Connecticut Ranked 45th in Population Growth Last Year; Births Outpaced Deaths, Net Loss from Migration

Connecticut’s population is estimated to have increased by 4,315 people during the past year, ranking the state 45th in the nation in population growth , according to the U.S. Census Bureau's population estimates program.

Only New Hampshire, New Mexico, Rhode Island, and Vermont added fewer residents.  Maine and West Virginia were the only states in the U.S. to lose population, by 199 and 2,376 respectively.  Connecticut’s population drop was one-tenth of one percent.

The largest overall population gain occurred in North Dakota (3.1 percent), the District of Columbia (2.1 percent), Utah (1.6 percent), Colorado and Texas (each 1.5 percent).

The data indicate that Connecticut ranked 44th in net domestic migration, losing 17,224 residents in 2013.  States losing more residents included, Ohio, Michigan, Pennsylvania, New Jersey, California, Illinois, and New York.  On the opposite end of the spectrum, the states achieving the largest net domestic migration were Texas (113,528), Florida (91,484), North Carolina (37,240), Colorado (36,284), South Carolina (29,324) aCensus Bureau Logond Arizona (26,417).

The numbers for international migration tell a different story.  California topped the list with a net gain of 123,217, followed by New York (101,778), Florida (99,454), Texas (64,187) and New Jersey (64,197).  Connecticut was just above the middle of the pack, with a net international migration gain of 15,702, ranking sixteenth.  Considering both domestic and international migration, Connecticut's net loss from migration was 2,076 people.

Connecticut saw 37,172 births and 29,249 deaths during the year, ranking the state 34th in births but 29th in the number of deaths.

The Census Bureau computes state population estimates using multiple data sets. Population estimates by state, current as of July of each year, include birth rates, death rates and estimates of residents migrating from one state to another, Governing magazine reported.

Connecticut’s population is estimated at 3,596,080, according to the U.S. Census.

Moving Vans Heading Outbound, Beyond Connecticut’s Borders

If it’s tough to tell sometimes if you’re coming or going, there is at least one well-known company that keeps close tabs on movement.  United Van Lines, long in the business of moving people from point A to point B, issues an annual “migration study” that tracks where people are moving to, and moving from. In 2012, more folks were going than coming to Connecticut, by a ratio of 56 percent to 44 percent, putting the state squarely among the top 10 outward bound leaders.  The pattern was similar throughout the Northeast.  New Jersey (62 percent) displaced the outbound leader from last year, Illinois (60 percent) reclaiming the top spot for high-outbound migration that it held in 2010.  In addition to New Jersey, New York (58 percent), Maine (56 percent) and Connecticut (56 percent) are also included.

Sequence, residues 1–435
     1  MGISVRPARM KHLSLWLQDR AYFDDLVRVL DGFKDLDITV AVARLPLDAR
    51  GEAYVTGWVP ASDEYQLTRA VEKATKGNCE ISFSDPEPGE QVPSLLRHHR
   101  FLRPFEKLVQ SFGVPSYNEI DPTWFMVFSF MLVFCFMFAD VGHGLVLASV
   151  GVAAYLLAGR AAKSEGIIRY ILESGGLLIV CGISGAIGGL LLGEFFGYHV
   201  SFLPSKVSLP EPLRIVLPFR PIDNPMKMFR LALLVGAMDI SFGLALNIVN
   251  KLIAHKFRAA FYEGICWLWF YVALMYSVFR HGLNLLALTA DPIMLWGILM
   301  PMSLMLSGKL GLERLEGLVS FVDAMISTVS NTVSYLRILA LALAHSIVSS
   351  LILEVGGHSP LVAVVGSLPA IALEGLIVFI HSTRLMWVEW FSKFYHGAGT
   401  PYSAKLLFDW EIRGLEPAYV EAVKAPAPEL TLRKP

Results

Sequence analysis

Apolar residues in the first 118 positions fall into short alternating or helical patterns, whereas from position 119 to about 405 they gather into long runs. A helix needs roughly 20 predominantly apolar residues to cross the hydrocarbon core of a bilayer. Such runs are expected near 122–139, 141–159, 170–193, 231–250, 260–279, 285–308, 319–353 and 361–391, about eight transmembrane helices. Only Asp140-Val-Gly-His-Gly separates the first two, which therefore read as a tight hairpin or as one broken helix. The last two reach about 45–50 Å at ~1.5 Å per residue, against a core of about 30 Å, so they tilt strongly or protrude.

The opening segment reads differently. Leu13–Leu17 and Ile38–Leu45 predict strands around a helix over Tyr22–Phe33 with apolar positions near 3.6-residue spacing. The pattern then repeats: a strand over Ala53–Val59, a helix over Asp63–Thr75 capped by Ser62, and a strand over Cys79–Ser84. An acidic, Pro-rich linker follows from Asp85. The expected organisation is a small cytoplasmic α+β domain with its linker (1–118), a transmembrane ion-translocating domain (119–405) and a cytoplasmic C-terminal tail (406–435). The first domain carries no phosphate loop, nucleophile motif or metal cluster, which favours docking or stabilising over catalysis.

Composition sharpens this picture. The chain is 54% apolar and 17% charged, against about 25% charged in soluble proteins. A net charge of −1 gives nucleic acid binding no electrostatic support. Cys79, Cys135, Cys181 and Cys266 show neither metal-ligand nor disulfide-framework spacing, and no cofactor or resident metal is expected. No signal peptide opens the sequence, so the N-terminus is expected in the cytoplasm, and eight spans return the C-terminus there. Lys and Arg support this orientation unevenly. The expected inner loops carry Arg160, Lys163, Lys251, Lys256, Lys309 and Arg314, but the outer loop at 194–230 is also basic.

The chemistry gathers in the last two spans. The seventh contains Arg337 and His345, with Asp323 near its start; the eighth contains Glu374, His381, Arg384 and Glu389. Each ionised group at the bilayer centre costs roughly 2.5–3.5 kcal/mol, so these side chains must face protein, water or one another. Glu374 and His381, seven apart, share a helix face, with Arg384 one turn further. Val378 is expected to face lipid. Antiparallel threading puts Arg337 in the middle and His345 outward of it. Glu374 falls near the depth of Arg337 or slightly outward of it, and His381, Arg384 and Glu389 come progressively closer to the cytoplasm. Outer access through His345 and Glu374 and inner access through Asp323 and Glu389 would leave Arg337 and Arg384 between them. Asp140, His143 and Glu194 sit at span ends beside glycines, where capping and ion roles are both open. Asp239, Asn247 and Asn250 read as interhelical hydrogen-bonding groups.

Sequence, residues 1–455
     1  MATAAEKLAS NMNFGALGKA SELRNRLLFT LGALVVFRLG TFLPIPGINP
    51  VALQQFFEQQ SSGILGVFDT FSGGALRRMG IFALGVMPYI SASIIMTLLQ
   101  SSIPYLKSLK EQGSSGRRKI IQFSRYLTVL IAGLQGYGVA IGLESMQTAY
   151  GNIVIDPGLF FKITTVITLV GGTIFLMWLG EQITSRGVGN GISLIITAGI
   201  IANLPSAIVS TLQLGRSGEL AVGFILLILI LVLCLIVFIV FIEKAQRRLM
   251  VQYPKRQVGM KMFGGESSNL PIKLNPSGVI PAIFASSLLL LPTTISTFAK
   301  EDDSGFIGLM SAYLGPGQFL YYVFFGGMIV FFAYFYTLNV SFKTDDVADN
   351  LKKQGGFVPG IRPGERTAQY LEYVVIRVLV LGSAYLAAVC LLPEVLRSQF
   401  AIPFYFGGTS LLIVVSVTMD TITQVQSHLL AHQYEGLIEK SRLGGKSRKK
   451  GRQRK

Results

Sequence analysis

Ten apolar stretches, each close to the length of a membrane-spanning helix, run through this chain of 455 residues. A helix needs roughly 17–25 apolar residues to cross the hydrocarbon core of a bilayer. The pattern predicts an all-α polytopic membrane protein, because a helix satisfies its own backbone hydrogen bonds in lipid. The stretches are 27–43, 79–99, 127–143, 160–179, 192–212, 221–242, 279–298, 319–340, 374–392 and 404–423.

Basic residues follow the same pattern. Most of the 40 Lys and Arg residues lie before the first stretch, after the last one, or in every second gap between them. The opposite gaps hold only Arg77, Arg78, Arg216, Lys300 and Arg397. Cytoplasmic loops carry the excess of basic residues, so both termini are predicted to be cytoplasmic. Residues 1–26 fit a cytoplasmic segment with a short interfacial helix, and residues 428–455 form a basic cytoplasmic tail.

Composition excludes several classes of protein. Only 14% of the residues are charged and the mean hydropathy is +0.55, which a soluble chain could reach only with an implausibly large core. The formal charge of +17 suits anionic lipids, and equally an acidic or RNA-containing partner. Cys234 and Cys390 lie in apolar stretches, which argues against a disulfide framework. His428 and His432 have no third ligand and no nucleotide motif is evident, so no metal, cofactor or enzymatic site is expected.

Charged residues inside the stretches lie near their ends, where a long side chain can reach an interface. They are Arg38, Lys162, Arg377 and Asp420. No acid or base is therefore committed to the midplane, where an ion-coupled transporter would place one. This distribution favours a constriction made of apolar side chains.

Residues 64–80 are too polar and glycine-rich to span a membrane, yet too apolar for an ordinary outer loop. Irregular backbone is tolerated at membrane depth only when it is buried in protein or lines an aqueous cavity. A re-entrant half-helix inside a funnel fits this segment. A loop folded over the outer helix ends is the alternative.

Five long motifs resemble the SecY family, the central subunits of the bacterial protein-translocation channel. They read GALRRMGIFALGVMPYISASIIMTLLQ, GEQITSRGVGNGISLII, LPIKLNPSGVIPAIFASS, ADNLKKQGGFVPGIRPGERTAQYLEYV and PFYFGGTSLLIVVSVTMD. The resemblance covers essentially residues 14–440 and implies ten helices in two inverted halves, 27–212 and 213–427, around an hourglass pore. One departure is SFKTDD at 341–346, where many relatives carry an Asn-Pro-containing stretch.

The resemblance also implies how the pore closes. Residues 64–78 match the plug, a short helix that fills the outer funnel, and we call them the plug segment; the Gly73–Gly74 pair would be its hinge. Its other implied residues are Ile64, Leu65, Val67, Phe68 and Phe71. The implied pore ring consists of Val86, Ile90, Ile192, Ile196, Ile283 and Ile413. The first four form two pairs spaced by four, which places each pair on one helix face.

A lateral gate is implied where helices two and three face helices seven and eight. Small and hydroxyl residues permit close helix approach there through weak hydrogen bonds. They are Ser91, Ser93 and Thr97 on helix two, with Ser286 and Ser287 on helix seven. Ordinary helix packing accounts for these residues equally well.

Michigan (58 percent) and Wisconsin (55 percent) along with Illinois represented the Great Lakes region. Michigan fell to the No. 6 from the No. 4 spot it held in 2011. Previously, it had claimed the top outbound spot every year from 2006-2009.  Kentucky (55 percent) joined West Virginia (58 percent) as the only Southern states to appear on the high outbound list. New Mexico (58 percent) was the only Western state to appear on the list. The top 10 outbound states for 2012 were:

  1. New Jersey Migration Map
  2. Illinois
  3. West Virginia
  4. New York
  5. New Mexico
  6. Michigan
  7. Connecticut
  8. Maine
  9. Wisconsin
  10. Kentucky

That’s one list that states would prefer not to be included on.  United has tracked migration patterns  annually on a state-by-state basis since 1977. For 2012, the study is based on all household moves handled by United within the 48 contiguous states and Washington, D.C.  United classifies states as "high inbound" if 55 percent or more of the moves are going into a state and "high outbound" if 55 percent or more moves were coming out of a state or "balanced" if the difference of inbound and outbound is negligible.   The top-five inbound states of 2012 were 1) District of Columbia, 2) Oregon, 3) Nevada, 4) North Carolina and 5) South Carolina.

The Western United States is also represented on the high-inbound list with Oregon (61 percent) and Nevada (58 percent) both making the list. Oregon is number two for inbound migration for the third year in a row. Nevada returned to the high inbound traffic for the second consecutive year. The Carolinas each made the top five with North Carolina at 56 percent and South Carolina at 55 percent inbound moves.

Several states gained approximately the same number of residents as those that left. Those states include New Hampshire from the New England region, and the states of Louisiana, Iowa, Indiana, North Dakota, and Maryland.  This is the fifth consecutive year the District of Columbia (64 percent) was the top moving destination in the United States.  That trend may continue in 2013, what with members of Congress and the Cabinet coming and going.